The seatpost mounted beam rack is simple, easy to install, and is good for up to 20 pounds. There are a lot of different manufacturers. It's usually better if you do not have a carbon seatpost.

Routes / Re: Biking Mexico from Arizona to South America
« on: October 02, 2011, 03:42:35 pm »

General Discussion / Re: School Project on cycling
« on: October 01, 2011, 10:05:35 pm »
Bad link. Try again.

General Discussion / Re: Addendums
« on: September 30, 2011, 12:18:51 pm »
You should print out the most-recent addenda again just before you leave on your trip.

Gear Talk / Re: Sleeoing bag and Pad
« on: September 25, 2011, 09:35:51 pm »
I use the Big Agnes Insulated Air Core air mattress, but not a Big Agnes sleeping bag. I do however like the idea of a pocket on the bag for the air mattress, which not only keeps you on the pad (not really a problem for me) but eliminates the need for bottom insulation in the bag.

I like the pad a lot. You are right that it is not self inflating, but that's exactly why I bought it. I wasn't comfortable on a 1.5" self-inflating pad, but I got the 2.5" Big Agnes for the same weight (but need to blow it up). I have blown it up a hundred times--it's not my favorite thing to do, but it's not excessively onerous.

I do, however, roll over a lot in my sleep. I have a mummy bag and the bag rolls over with me of course. The bag you have is not mummy, but I still might be concerned about how easy it would be to roll over in it. If it was me, I'd go to the store, climb in the bag and try it.

Colorado / Re: Dolores to Pueblo CO
« on: September 24, 2011, 07:35:12 pm »
I think your route goes over Molas Divide (10,910), Coal Bank Pass (10,640), and Red Mountain Pass(8,970) on US550 instead of Lizard Head Pass(10,222) and Dallas Divide(8,970) on CO145 and CO62.

The route notes say that it goes through Rico.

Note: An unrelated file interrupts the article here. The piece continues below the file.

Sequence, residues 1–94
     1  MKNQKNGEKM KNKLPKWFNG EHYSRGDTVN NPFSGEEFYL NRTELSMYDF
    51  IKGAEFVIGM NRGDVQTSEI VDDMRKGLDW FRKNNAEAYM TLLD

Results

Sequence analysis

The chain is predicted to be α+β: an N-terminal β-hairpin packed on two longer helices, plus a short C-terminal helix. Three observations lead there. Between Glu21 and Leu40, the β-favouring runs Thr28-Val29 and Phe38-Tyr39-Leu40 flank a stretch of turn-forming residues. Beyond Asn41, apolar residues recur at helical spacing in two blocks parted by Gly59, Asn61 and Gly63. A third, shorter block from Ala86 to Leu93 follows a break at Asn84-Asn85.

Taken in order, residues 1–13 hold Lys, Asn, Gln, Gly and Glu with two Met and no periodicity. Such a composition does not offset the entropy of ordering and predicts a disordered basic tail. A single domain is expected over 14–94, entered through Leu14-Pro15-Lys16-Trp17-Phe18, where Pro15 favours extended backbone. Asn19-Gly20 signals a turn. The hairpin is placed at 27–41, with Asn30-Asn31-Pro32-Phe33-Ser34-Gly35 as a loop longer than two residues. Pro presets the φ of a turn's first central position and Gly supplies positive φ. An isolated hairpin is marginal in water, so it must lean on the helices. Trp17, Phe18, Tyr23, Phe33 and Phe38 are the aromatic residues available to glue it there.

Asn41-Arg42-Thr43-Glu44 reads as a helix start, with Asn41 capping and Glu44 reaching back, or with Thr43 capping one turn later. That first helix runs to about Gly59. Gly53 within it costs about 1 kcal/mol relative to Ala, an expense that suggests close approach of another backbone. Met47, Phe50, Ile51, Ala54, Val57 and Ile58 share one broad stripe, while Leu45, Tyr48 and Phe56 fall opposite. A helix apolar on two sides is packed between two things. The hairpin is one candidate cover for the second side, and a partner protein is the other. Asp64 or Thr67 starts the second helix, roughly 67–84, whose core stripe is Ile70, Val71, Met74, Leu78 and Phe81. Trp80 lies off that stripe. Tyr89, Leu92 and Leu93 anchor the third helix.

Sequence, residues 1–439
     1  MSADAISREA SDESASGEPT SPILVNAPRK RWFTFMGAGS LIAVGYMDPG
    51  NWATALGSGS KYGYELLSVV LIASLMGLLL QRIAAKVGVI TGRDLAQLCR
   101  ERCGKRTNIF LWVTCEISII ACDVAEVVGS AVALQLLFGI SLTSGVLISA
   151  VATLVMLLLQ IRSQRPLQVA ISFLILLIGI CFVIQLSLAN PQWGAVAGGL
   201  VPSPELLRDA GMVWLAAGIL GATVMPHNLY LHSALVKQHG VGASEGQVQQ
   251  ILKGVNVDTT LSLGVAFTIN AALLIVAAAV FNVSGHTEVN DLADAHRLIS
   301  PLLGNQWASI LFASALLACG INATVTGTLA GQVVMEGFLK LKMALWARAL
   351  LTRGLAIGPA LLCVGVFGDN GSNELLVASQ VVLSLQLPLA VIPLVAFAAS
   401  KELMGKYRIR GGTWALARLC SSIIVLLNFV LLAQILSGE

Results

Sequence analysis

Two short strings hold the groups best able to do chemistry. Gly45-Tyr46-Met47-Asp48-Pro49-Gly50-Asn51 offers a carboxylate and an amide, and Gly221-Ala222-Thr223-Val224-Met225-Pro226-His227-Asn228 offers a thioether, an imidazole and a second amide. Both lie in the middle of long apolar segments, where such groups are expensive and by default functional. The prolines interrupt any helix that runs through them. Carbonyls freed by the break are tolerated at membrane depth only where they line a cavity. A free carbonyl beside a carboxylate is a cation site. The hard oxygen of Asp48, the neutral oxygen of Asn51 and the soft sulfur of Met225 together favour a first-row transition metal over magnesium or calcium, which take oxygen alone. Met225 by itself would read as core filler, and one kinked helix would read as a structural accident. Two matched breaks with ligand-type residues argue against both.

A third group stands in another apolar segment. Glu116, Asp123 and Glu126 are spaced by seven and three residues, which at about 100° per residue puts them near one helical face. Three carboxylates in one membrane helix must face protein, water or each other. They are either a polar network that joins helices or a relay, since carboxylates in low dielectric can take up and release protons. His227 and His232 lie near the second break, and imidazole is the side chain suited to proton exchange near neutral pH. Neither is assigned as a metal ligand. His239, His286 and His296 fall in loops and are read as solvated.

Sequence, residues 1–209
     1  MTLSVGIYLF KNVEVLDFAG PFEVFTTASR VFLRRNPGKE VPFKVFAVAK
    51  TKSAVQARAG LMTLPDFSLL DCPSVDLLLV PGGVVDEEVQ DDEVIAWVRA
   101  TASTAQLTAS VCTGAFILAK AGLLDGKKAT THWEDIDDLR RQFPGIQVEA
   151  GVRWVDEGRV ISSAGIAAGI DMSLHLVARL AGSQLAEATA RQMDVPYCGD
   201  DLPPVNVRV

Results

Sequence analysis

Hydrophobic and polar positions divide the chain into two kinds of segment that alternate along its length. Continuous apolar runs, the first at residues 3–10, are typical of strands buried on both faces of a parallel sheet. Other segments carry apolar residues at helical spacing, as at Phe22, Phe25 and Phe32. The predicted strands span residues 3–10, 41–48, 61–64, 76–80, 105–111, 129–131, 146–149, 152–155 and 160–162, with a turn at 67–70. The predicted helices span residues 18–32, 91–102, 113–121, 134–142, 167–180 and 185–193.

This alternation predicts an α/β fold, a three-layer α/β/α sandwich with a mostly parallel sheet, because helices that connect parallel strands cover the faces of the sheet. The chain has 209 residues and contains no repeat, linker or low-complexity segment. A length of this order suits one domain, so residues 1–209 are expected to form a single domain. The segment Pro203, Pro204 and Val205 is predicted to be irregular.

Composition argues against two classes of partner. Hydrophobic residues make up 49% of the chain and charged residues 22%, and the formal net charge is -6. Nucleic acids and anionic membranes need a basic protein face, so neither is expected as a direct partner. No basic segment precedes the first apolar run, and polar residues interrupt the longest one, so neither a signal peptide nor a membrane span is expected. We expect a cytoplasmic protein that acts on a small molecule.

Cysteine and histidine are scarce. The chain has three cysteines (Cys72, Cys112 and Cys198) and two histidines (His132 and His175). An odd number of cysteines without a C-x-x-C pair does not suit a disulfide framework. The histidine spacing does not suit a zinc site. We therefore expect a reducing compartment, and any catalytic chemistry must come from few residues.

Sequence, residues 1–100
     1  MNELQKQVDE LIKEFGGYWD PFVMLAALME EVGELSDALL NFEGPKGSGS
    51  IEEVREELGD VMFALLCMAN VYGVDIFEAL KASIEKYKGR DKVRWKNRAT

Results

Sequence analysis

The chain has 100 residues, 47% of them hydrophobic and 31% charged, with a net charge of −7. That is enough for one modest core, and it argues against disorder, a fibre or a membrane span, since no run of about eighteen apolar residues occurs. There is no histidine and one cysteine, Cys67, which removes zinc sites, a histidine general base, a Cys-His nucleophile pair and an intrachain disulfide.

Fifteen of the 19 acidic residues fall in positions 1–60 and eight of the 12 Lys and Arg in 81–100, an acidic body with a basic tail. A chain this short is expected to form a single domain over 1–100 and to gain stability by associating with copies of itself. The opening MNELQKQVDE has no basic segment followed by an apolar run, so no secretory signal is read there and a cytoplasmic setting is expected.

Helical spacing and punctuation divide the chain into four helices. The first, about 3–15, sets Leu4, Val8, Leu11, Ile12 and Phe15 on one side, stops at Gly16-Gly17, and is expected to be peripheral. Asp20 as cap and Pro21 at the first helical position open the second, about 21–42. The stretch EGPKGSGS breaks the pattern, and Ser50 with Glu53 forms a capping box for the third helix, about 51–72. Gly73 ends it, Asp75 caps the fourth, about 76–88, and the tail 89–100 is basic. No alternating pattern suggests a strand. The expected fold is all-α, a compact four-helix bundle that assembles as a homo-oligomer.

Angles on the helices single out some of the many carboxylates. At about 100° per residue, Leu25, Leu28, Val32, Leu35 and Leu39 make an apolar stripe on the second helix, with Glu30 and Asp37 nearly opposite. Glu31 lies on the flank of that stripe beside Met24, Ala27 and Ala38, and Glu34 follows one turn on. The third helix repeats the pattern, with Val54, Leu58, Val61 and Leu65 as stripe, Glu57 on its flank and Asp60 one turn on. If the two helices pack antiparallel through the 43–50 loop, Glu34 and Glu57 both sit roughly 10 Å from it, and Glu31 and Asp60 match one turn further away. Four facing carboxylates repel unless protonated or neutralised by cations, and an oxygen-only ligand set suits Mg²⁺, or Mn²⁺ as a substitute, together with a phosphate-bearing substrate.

The top of Lizard Head Pass is one of my favorite places on earth.

Colorado / Re: Dolores to Pueblo CO
« on: September 23, 2011, 12:15:15 pm »
It's doable, with risks. Your route goes over both Lizard Head and Monarch passes. Both passes are all-season routes, but are subject to temporary closures. In May, closures are possible, but not highly likely. As long as you have cold-weather gear for the descents, and have a few spare days to wait out possible closures, you'll be fine. There will be snow up there, but the roads should be clear unless it has snowed recently.

Note that all of these roads have been used by the Ride The Rockies tour, so they're all possible on a bike (some busier than others). I suggest you might want to follow the TransAm route from Canyon City to Pueblo to avoid some traffic on US 50.

General Discussion / Re: Rain gear on self contained long distance touring?
« on: September 21, 2011, 05:35:31 pm »
If the weather is uniformly warm during your tour, then you can probably skip the rain gear. I, however, prefer to bring it along because you often cannot count on the weather always being warm (especially at high elevations), and because the rain jacket makes a pretty good windbreaker/light jacket, even if it's not raining. Furthermore, if it's a rainy afternoon/evening in camp, the rain gear is even more appreciated there than when riding--at least you won't be trapped in your tent. My rain jacket weighs 8.7 ounces--it's not nothing, but it's not excessive.

Your approach, however, would probably work. If it rains all day long for three days in a row, however, and it could happen, you'll wish for the gear.